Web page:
HOUSTON (Reuters) - Mexico’s oil regulator will likely add another auction in 2018 featuring conventional onshore oil and gas blocks, the head of the National Hydrocarbons Commission (CNH) said on Thursday, potentially teeing up a third tender in an election year.
The bid terms will be announced later this year or in early 2018 while contracts will likely be awarded by the summer, said Juan Carlos Zepeda on the sidelines of a forum in Houston.
The onshore tender is in addition to a deepwater Gulf auction expected to attract in January some of the world’s biggest producers, as well as a March shallow water auction.
A landmark 2013 constitutional energy reform championed by President Enrique Pena Nieto paved the way for the auctions, in which private firms can bid to operate oil and gas fields on their own. Before the reform, state-owned company Pemex had a monopoly on hydrocarbons production.
Depending on the winner, Mexico’s July 2018 presidential election could alter the pace and scope of future auctions, which are organized and supervised by the CNH, while the energy ministry designs the contracts and sets the schedule.
Zepeda added that so-called non-conventional blocks to produce shale oil and gas are also being analyzed for inclusion in an additional separate auction.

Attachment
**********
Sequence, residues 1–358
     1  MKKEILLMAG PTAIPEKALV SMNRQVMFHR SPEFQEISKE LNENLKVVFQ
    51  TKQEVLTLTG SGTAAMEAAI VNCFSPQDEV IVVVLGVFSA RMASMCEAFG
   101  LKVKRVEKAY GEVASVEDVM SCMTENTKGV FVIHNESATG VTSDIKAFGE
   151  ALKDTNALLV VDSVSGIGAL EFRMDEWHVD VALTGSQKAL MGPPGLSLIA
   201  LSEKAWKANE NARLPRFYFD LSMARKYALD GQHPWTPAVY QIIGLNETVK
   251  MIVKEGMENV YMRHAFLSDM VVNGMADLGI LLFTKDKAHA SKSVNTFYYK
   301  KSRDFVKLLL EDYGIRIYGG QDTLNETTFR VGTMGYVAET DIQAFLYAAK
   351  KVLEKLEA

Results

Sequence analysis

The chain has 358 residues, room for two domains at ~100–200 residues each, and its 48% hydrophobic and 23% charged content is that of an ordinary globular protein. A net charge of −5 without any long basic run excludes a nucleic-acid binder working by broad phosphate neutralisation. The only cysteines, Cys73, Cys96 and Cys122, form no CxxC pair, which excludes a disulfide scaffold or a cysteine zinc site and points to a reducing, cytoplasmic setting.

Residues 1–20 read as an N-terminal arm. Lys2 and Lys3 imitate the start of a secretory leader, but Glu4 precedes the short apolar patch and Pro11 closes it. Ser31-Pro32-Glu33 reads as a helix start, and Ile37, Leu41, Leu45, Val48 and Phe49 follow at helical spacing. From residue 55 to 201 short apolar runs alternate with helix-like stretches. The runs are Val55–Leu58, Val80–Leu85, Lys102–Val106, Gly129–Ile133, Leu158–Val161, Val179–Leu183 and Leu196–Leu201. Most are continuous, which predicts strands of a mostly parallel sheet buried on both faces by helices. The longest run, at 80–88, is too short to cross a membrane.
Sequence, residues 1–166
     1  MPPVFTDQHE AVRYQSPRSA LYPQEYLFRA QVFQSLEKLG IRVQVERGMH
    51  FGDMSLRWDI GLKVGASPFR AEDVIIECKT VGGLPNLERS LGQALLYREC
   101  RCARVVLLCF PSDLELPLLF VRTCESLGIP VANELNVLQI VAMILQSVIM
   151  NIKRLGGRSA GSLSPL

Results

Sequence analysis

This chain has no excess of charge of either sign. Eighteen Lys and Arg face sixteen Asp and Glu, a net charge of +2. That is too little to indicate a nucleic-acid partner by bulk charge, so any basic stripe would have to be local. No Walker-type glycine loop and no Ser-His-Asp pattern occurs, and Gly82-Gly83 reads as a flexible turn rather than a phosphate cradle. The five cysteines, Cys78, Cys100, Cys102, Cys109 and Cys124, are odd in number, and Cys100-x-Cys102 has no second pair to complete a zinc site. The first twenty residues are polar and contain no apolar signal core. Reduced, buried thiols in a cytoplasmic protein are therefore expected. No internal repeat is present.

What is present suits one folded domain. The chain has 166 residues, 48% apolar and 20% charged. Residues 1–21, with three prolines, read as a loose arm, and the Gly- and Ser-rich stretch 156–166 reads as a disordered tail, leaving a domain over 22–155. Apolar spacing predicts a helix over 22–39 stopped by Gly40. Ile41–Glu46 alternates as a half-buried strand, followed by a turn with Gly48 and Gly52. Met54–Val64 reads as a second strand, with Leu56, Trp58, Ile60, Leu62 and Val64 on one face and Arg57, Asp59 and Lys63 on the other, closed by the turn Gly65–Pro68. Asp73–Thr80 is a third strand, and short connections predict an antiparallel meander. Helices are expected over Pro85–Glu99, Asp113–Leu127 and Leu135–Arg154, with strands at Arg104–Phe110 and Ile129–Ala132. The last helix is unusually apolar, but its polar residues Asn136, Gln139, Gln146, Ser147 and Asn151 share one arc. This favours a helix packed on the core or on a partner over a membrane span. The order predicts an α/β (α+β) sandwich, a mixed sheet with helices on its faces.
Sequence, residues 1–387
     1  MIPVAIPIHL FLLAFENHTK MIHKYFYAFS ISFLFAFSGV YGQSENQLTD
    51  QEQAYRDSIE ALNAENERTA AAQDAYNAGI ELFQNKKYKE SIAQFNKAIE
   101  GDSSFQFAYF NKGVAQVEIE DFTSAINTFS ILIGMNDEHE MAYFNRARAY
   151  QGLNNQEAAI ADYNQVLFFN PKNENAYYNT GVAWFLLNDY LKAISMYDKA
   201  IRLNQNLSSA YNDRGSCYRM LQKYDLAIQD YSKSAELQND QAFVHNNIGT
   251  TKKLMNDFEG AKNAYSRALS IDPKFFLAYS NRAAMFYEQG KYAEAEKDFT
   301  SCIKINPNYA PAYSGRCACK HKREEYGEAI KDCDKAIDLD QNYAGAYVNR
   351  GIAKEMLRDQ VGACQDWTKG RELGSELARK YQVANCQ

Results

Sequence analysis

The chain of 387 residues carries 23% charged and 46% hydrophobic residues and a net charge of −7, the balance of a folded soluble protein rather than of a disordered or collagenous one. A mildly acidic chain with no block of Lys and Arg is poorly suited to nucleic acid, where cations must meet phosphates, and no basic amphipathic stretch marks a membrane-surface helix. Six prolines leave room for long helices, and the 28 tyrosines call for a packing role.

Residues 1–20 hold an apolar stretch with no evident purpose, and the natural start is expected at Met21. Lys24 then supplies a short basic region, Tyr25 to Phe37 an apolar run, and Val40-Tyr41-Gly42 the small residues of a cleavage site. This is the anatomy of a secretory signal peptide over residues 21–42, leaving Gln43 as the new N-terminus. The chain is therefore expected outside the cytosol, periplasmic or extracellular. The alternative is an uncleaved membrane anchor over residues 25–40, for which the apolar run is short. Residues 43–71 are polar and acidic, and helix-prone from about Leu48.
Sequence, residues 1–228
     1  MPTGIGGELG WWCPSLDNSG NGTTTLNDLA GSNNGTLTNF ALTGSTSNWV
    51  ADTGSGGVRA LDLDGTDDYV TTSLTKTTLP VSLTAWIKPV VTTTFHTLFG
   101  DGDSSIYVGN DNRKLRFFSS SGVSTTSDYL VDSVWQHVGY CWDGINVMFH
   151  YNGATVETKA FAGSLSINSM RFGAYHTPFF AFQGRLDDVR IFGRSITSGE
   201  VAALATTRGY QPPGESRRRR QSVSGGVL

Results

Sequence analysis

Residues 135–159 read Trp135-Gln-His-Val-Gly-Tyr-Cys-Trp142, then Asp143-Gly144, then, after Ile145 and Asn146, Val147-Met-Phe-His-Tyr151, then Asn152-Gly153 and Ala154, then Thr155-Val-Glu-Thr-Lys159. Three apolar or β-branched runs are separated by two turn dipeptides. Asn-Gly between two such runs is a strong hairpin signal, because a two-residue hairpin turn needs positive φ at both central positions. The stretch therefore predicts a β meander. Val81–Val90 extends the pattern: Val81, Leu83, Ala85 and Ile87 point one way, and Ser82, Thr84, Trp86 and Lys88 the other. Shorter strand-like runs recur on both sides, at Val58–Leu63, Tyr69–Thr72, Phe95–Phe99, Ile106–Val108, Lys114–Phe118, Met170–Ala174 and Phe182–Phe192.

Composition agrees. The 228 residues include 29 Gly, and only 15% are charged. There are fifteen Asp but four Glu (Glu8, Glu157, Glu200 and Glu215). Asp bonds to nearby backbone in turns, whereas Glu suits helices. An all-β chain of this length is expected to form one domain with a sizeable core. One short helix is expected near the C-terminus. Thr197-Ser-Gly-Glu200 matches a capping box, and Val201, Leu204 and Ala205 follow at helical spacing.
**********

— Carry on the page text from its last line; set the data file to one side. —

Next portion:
The CNH has run eight oil auctions to date, awarding 72 exploration and production contracts to more than 60 companies. The contracts are seen generating almost $61 billion in investment over their lifetime.
The 64 blocks to be offered in the two upcoming offshore auctions account for more than 65 percent of Mexico’s estimated resources. Along with the January bidding round, Pemex could also find a partner for the promising Nobilis-Maximino deeepwater project close to the U.S. maritime border.
A development plan for another large deepwater project, Trion between Pemex and Australia’s BHP Billiton, has not yet been submitted to the regulator, Zepeda said, but it is expected before year end.
New regulation to establish how operators of two different blocks should produce oil from a single shared reservoir was recently finished by authorities and is now under public consultation, said Aldo Flores, Mexico’s deputy energy minister.
“The final version (of the regulation) should be ready by November,” Flores said.
The well Zama-1 containing over 1 billion barrels of oil in place discovered in July by U.S. firm Talos Energy and its partners in Mexico’s shallow water could extend into a Pemex area, Zepeda said.
“The first unitization case could be Zama, but it has not yet been officially presented (to authorities),” Zepeda said.
The reservoir unitization regulation will establish the need to nominate a single operator to produce oil in shared reservoirs even keeping two separate companies or consortia for each one of the blocks. The energy ministry will have the final word if the parties do not agree on how to develop the field.
Reporting by Marianna Parraga; Writing by David Alire Garcia; Editing by Susan Thomas and Meredith Mazzilli